I’ve been wondering lately when the requirements of specific genres in writing slide over into the realm of clichés. Which leads to other questions. How do you keep a reader who loves the genre from getting bored? How do you stay within the confines of a genre and yet write an original piece? How do you keep a genre-specific story from becoming predictable?
I obviously love mysteries. As a mystery reader, I know the basic road map the story will take. I expect a series, a hero’s journey, meaning a protagonist who struggles against self as well as plot, and a climatic ending. What makes me reach for a new author is a setting I haven’t yet visited, a mystery that isn’t based on the discovery of yet another young woman’s body, and an ending that isn’t just the protagonist facing down death. I mean, it’s a series, right? Do we really think the author will kill off the main protagonist? Of course that happens, but it’s rare. So if there’s no chance of killing the golden goose, there’s no tension at the end because you know the character is going to survive. Give me something more to worry about.
The things I look for in mysteries are those things that keep the genre from becoming boring for me. The things I try to avoid are those things that feel like mystery-series clichés.
In apocalyptic genres (think Stephen King’s The Stand) there are always the disparate groups of people who eventually come together. There’s conflict between the characters as well as whatever outside danger is stalking them. You’re always going to find characters like the athlete, the brooding type with a past, the woman from a broken relationship, the overweight nerdy type, etc. You get the idea. The unique twist is usually whatever is out to kill them all. Oh, and who survives. This genre has more freedom to kill characters off.
As an aside, Stephen King is a master at developing characters. His are the only books I read where I flip to the end to see who survives. I don’t want to get emotionally involved with someone who’s going to be killed off mid-story.
Readers of specific genres expect those rules to be in place. They know what they are going to get when they open the book. The only surprises the books should offer up are the unique twists the author adds. The underlying plot structure should be predictable, to a point, so the reader gets what he or she loves out of that genre.
Of course there are always the books that overlap genres, combine genres, are genre-less, or even create a whole new genre. But you get what I’m saying here, I’m sure.
The challenge for a writer within a genre is sticking to the rules while breaking them at the same time. But not breaking so many that the reader is left feeling cheated. And not sticking so closely to the rules that the author is bored.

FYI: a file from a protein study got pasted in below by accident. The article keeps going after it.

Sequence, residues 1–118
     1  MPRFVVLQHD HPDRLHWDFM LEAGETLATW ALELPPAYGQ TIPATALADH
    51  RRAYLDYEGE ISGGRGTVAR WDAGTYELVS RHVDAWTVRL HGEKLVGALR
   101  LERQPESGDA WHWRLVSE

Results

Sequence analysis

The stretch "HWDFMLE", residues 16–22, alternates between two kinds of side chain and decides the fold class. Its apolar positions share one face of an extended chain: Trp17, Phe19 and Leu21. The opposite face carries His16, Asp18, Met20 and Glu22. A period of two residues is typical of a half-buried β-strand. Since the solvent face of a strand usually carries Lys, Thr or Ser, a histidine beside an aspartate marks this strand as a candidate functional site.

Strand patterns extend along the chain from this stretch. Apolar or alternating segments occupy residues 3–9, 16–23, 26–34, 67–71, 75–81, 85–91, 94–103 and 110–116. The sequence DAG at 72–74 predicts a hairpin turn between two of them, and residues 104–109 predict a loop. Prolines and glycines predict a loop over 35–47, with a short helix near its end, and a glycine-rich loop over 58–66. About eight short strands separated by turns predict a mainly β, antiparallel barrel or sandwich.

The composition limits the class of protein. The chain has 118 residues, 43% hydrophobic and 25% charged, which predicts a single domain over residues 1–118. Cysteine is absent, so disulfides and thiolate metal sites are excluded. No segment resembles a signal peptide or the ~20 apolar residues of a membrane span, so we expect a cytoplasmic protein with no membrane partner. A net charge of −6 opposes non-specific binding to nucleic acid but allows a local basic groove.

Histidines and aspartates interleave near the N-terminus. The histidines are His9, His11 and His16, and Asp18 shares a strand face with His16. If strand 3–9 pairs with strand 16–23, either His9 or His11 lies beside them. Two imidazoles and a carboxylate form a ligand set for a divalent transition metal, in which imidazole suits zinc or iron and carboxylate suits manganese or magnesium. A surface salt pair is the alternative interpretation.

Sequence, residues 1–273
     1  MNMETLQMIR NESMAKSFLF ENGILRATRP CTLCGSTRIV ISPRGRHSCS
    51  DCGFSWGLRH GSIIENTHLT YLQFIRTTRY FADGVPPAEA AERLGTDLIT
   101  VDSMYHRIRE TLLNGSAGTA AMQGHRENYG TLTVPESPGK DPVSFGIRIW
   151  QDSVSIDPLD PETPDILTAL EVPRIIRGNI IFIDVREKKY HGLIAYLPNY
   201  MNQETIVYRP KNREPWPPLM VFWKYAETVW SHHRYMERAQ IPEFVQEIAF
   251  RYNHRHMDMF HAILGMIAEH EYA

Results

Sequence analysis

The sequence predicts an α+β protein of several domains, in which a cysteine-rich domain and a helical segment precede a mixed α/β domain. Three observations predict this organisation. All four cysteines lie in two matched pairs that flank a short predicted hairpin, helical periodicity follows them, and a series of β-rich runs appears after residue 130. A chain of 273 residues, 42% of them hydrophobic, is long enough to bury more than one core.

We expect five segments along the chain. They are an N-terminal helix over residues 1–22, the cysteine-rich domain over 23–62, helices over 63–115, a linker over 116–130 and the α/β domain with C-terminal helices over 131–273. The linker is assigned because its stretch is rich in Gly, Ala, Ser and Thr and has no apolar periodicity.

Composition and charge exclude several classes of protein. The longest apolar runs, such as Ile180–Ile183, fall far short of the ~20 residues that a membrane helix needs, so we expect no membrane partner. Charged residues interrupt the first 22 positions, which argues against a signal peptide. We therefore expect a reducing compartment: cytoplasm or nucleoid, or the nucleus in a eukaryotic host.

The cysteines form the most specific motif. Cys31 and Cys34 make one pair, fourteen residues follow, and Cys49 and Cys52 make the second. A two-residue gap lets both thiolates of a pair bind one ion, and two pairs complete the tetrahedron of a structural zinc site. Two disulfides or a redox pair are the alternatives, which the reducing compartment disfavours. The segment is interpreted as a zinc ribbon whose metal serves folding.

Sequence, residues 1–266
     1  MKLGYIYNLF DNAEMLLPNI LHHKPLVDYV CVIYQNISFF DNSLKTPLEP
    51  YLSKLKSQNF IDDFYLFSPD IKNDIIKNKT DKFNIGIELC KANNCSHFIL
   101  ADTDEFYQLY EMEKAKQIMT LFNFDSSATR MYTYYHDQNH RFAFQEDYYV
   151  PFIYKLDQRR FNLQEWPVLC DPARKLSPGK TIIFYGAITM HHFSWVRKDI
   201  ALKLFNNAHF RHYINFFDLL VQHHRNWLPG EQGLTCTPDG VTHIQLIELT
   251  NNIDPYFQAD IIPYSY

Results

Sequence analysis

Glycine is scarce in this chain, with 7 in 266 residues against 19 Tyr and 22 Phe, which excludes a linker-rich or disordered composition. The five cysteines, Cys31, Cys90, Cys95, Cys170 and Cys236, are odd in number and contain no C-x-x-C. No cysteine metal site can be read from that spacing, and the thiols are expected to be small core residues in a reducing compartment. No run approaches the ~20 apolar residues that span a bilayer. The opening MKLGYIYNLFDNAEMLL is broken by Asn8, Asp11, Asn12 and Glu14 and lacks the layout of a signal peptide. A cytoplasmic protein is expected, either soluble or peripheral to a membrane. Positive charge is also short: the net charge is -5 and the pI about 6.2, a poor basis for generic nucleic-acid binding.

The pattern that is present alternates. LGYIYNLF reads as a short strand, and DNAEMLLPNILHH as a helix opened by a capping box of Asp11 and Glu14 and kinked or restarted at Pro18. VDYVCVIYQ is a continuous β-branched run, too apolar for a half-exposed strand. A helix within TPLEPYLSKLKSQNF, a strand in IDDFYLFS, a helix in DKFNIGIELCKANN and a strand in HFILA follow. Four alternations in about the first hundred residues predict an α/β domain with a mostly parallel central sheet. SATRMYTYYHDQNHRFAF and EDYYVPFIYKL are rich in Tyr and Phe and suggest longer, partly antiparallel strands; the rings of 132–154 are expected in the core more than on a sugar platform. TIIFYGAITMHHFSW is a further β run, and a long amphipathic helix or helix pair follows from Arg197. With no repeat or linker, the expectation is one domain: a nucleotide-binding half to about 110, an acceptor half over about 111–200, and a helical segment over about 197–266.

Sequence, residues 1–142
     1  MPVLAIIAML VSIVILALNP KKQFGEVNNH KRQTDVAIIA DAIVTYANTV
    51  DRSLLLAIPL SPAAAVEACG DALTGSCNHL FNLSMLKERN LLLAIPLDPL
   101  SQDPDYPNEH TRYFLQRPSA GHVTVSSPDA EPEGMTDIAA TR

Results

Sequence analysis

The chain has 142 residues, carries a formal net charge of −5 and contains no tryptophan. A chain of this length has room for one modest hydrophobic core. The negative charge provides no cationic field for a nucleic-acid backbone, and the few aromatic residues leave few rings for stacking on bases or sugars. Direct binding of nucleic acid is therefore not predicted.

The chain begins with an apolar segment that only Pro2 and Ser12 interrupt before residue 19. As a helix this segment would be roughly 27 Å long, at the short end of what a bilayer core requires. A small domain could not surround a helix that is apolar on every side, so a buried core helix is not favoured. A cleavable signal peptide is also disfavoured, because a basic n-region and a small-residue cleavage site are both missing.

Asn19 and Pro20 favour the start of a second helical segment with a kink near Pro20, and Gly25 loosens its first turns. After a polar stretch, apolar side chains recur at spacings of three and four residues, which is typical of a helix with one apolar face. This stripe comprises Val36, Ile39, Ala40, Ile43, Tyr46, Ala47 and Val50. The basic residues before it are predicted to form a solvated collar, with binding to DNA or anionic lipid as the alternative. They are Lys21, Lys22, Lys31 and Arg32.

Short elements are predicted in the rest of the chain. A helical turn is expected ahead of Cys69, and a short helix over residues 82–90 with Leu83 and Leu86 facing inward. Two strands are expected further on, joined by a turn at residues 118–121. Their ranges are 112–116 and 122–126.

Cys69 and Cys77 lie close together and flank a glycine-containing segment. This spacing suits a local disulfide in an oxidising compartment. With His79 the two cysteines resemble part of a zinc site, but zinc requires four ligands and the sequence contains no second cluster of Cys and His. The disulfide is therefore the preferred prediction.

And avoiding becoming a cliché.
What’s with the random photos not connected to the blog subject, you ask? Maybe an apocalyptic genre story in its infancy, set in the mountains.
5 thoughts on “Genre Originality”
Loved the post, and loved the pictures. I liked the way you balanced the idea what’s needed in a great story. It has to be somewhere in the middle.
You’re so right about being somewhere in the middle. And I also think it has something to do with the writing ability of the author – I look back at my first book and see all the genre cliches!
I don’t tend to think in terms of genre structure as being cliches to be avoided or worried over. I think the cliches that are important to avoid are the ones associated with character, wordsmithing, and situation. When a story lacks certain common structural elements expected in a specific genre, the reader ends up feeling — as you say — cheated. Straying too far from what readers will find “relatable” makes for a boring book. If I, as a reader, can’t relate in some way to the main character(s) then I don’t care what happens to them, and therefore I lose interest in the story (and I really do think the writer has control over that relatableness factor). I think that’s one reason an author needs to understand her genre and her readers. The romance genre is about as formulaic as it gets. That’s what readers expect and woe be to the author who messes with success! The trick there is (I think) the way the author writes the characters, the dialog and the situations. Then, of course, there is always the allure of the writer’s voice. There are authors I read simply because I love the way they turn a phrase, the way they describe a scene, the way they express their world view.
I think there is one more point that pulls in a reader, and that is when the main character wants something more than anything else in their life. It ups the stakes, and that is where we hang on every word written. We desperately want that character (the one we have been made to take to our hearts) to get what they want, and we keep turning the pages to find out how, in the face of all the failures, that is going to happen.
If I had one piece of advice for any writer worried about being original it would be; don’t worry, just write your heart out.
Wise words, as always, Susan. Finding the balance between meeting the expectations of a genre with not slipping into clichés or boredom boils down to a few things that you point out here. The voice of the writer, and the characters.
I think avoiding boredom has a lot to do with raising the stakes for the main character. I recall, some years ago, reading a book I simply hated — the dialog was dumb and cliche, the writing sub-par, etc — however, I could not put it down. I finally figured out why — the main character wanted what she wanted so badly, and kept failing to achieve it, that I couldn’t stop turning the pages! Lesson learned. We readers can forgive a lot if the author can pull us into caring about the main character.
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